While loss affects people in different ways, many experience the following symptoms when they’re grieving. Just remember that almost anything that you experience in the early stages of grief is normal and this includes feeling like you’re going crazy (you are not going crazy), feeling like you’re in a bad dream, or questioning your religious beliefs (please don’t remember that He has a plan for us all, and sometimes He slams doors close so the right one will remain open).
Shock and disbelief – Right after a loss, it can be hard to accept what happened. You may feel numb, have trouble believing that the loss really happened, or even deny the truth. If someone you love has died, you may keep expecting him or her to show up, even though you know he or she is gone. This is denial (not the river in Egypt).
Sadness – Profound sadness is probably the most universally experienced symptom of grief. You may have feelings of emptiness, despair, yearning, or deep loneliness. You may also cry a lot or feel emotionally unstable (depression usually arises from these feelings).
Guilt – You may regret or feel guilty about things you did or didn’t say or do. After a death, you may even feel guilty for not doing something to prevent the death, even if there was nothing more you could have done.
Anger – Even if the loss was nobody’s fault, you may feel angry and resentful. If you lost a loved one, you may be angry with yourself, God, the doctors, or even the person who died for abandoning you.
Fear – A significant loss can trigger a host of worries and fears. You may feel anxious, helpless, or insecure. You may even have panic attacks. The death of a loved one can trigger fears about your own mortality, of facing life without that person, or the responsibilities you now face alone.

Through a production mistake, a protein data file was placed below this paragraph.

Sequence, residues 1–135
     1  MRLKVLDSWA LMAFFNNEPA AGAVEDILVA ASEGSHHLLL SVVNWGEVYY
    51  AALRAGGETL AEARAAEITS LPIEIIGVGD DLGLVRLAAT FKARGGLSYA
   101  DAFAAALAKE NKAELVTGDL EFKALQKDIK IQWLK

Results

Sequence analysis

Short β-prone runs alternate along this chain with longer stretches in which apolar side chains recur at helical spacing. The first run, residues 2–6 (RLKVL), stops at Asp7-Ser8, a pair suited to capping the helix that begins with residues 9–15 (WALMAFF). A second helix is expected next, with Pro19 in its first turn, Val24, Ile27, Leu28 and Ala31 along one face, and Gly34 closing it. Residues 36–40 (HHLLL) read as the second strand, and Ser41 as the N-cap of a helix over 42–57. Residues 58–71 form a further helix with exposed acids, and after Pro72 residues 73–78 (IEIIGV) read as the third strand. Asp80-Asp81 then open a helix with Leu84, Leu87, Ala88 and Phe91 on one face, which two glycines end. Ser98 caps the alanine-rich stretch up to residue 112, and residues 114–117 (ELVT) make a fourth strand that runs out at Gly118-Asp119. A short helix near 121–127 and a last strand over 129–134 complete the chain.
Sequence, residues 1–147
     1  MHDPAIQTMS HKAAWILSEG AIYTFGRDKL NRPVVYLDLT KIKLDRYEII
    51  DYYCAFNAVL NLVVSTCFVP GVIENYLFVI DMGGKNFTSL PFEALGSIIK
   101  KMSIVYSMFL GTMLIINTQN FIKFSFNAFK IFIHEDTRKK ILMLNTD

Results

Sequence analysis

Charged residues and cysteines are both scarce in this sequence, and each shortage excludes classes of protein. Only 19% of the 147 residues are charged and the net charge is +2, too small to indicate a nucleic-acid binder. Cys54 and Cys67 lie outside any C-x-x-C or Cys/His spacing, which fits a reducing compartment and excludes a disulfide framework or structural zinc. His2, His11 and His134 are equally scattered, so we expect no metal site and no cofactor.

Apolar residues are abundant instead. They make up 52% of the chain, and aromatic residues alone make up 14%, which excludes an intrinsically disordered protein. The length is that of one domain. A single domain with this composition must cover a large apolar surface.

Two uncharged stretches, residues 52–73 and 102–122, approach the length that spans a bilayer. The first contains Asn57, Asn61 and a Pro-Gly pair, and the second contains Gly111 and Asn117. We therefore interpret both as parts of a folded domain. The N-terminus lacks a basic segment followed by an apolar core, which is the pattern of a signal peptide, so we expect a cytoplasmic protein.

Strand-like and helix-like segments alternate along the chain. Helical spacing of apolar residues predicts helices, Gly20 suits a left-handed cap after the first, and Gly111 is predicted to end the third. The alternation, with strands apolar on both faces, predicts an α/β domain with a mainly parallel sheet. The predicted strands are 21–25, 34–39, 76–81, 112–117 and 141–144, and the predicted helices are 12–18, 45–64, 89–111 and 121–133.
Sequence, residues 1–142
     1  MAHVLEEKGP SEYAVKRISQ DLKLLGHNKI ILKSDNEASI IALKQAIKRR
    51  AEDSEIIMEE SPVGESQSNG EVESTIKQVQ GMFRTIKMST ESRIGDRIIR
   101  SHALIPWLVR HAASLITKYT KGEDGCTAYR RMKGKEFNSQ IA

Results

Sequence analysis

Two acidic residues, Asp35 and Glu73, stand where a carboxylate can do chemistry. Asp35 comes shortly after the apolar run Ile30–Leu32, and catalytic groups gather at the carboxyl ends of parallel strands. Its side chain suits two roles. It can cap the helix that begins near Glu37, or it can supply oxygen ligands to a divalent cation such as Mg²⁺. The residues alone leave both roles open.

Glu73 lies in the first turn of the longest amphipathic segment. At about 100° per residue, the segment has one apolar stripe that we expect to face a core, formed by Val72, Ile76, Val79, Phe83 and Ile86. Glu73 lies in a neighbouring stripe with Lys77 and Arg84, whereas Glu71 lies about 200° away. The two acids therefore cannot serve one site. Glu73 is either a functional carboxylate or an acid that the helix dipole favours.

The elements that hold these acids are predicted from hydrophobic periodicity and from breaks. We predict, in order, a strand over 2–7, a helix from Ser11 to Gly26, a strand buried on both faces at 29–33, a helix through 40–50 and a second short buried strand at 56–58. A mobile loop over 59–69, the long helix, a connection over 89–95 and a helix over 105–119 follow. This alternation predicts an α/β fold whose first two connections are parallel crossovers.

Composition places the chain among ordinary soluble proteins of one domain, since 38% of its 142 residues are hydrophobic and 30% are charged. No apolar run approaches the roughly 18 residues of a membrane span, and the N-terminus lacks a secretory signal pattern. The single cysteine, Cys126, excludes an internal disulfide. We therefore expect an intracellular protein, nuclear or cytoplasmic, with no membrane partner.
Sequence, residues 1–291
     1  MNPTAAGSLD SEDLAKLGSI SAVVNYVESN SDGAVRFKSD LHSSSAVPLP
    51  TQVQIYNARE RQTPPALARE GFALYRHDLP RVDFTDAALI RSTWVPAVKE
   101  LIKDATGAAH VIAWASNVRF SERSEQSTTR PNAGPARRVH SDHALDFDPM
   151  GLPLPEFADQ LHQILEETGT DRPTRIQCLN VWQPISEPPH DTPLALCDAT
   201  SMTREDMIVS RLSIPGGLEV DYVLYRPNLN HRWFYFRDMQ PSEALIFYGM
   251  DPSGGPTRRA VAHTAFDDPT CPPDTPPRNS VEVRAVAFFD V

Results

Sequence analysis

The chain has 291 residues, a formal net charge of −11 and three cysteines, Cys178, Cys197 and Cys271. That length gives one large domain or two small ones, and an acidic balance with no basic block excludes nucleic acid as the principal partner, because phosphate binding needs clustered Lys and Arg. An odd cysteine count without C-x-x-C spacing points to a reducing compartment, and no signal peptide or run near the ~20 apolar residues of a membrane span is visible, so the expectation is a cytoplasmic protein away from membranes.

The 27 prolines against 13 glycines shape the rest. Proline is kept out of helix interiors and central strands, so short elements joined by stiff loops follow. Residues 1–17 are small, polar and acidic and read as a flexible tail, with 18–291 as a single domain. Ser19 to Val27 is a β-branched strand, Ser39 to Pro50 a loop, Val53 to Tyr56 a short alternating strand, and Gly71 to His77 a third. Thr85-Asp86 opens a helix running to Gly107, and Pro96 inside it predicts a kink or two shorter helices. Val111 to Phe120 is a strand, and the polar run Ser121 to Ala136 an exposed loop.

Physical symptoms – We often think of grief as a strictly emotional process, but grief often involves physical problems, including fatigue, nausea, lowered immunity, weight loss or weight gain, aches and pains, and insomnia.
Here are a few ways to cope with grief.
Coping with grief and loss tip 1: Get support
I hate to be the one to break the bad news, but you are not Superman or Wonder Woman (I’m Wonder Woman). I’m kidding, not even I am. The single most important factor in healing from loss is having the support of other people. Even if you aren’t comfortable talking about your feelings under normal circumstances, it’s important to express them when you’re grieving. Sharing your loss makes the burden of grief easier to carry.
Tip 2: Finding support after a loss
Turn to friends and family members. They want to help you. Now is the time to lean on the people who care about you, even if you take pride in being strong and self-sufficient. Draw loved ones close, rather than avoiding them, and accept the assistance that’s offered.
Tip 3: Draw comfort from your faith
If you follow a religious tradition, embrace the comfort its mourning rituals can provide. Spiritual activities that are meaningful to you such as praying, meditating, or going to church can offer solace. If you’re questioning your faith in the wake of the loss, talk to a clergy member or others in your religious community.
Tip 4: Join a support group
Grief can feel very lonely, even when you have loved ones around. Sharing your sorrow with others who have experienced similar losses can help. To find a bereavement support group in your area, contact local hospitals, hospices, funeral homes, and counseling centers.
Tip 5: Talk to a therapist or grief counselor
If your grief feels like too much to bear, call a mental health professional with experience in grief counseling. An experienced therapist can help you work through intense emotions and overcome obstacles to your grieving.
Tip 6: Take care of yourself
When you’re grieving, it’s more important than ever to take care of yourself. The stress of a major loss can quickly deplete your energy and emotional reserves. Looking after your physical and emotional needs will help you get through this difficult time. Look after your physical health. The mind and body are connected. When you feel good physically, you’ll also feel better emotionally. Combat stress and fatigue by getting enough sleep, eating right, and exercising. Don’t use alcohol or drugs to numb the pain of grief or lift your mood artificially.
Really, the last thing you need is to get the cold or the flu. Please care of yourself. Remember you can’t pour from an empty glass.
Tip 7: Face your feelings